How about how many piano tuners there are in Chicago? How many pizzas will be ordered in the UK this year? If it’s worth turning off the tap while you brush your teeth? And how many planets with intelligent alien life there are in our Galaxy? 

These problems and ones like them are called Fermi Problems.  They are named after Enrico Fermi, an Italian physicist who was known for his ability to make quick, accurate guesses as to the answer of complex calculations with little or no prior information.

His trick was to break the question down into several components, roughly estimate each of those components and assume that the over-estimate of some aspects would be cancelled out by under-estimating others.  Let’s look at this method in relation to the jelly-filled swimming pool problem.

Firstly we need to break this problem down into several components... namely, what is the size of an Olympic swimming pool and how much jelly can one packet make? You might be tempted to google for this information, but Fermi could solve this question without looking anything up. He approximated numbers to the nearest power of 10, to guess how big or small or common something was. Under his logic, reasonable estimation could be that I am 200 cm tall; the distance between my left and right fingertips is equal to my height; my heart beats 100 times a minute, and I have 100,000 hairs on my head.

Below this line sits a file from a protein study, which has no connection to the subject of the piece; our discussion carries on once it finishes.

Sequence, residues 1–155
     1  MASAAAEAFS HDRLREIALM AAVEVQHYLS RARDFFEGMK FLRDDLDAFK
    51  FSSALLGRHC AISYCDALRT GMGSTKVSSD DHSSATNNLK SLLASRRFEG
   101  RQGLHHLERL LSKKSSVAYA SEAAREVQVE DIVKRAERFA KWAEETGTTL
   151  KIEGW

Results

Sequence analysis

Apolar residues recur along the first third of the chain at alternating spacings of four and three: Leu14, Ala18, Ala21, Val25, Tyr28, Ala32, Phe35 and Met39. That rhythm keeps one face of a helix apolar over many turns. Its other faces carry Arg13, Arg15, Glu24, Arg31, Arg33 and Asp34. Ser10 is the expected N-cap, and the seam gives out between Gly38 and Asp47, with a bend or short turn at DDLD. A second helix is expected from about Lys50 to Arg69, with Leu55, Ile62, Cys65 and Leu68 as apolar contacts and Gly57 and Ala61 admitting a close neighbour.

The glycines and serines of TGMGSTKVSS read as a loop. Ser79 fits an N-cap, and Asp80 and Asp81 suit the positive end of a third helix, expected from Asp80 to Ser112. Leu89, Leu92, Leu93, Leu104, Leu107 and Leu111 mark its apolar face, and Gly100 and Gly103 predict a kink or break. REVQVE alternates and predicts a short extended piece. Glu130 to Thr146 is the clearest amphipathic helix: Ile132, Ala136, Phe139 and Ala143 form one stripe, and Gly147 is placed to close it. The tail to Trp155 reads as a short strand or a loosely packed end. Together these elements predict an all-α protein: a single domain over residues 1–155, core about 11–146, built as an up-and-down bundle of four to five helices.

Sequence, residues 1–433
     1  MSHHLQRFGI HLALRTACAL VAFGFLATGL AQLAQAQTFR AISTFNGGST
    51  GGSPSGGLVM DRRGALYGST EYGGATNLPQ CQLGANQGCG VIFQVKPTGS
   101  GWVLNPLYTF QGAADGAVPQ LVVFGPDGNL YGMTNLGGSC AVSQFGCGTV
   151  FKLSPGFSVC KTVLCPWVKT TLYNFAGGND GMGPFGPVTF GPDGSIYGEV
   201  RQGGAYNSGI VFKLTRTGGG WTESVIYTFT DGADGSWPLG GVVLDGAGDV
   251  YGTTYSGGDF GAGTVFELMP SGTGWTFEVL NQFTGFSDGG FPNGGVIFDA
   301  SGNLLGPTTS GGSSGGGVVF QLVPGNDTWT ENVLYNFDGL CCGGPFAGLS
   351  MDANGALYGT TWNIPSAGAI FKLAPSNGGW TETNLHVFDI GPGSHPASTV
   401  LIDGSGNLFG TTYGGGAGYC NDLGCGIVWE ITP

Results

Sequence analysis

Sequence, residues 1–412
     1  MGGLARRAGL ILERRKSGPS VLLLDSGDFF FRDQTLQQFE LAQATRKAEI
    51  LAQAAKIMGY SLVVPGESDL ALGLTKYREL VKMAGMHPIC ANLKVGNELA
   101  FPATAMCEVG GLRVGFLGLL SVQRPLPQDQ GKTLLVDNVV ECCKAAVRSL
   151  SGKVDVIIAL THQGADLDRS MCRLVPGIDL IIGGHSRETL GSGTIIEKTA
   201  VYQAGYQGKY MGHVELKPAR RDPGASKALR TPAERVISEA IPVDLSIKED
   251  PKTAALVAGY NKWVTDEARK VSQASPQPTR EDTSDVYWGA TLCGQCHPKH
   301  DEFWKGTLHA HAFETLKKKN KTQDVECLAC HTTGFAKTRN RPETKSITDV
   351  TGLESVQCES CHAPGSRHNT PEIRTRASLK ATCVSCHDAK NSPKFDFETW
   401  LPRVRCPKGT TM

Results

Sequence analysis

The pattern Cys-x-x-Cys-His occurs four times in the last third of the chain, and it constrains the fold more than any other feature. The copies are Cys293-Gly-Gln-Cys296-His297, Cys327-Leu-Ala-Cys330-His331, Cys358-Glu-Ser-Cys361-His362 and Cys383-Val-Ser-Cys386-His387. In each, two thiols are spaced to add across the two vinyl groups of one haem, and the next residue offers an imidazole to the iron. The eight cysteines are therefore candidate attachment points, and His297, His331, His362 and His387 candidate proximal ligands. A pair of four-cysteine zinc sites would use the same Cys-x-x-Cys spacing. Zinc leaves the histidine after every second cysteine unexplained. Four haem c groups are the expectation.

Swimming pool

Applying this in the context of jelly – I know one packet makes enough jelly to feed my family dessert, so I know there is roughly 1/2 litre of jelly and that is 500cm^3 in volume. What about an Olympic pool? Well, I’d expect that to be deep enough to cover my head (200 cm), wide enough to fit 10 lanes in, and for each lane to be my handspan wide (2000cm = 20m) and long enough for a good race (50m = 5000cm).  Let’s put this all together:

Number of packets needed to fill pool = Volume of pool / Volume of packet
                                                            = 5000 cm x 200 cm x 2000cm / 500cm^3
                                                            = 4 million packets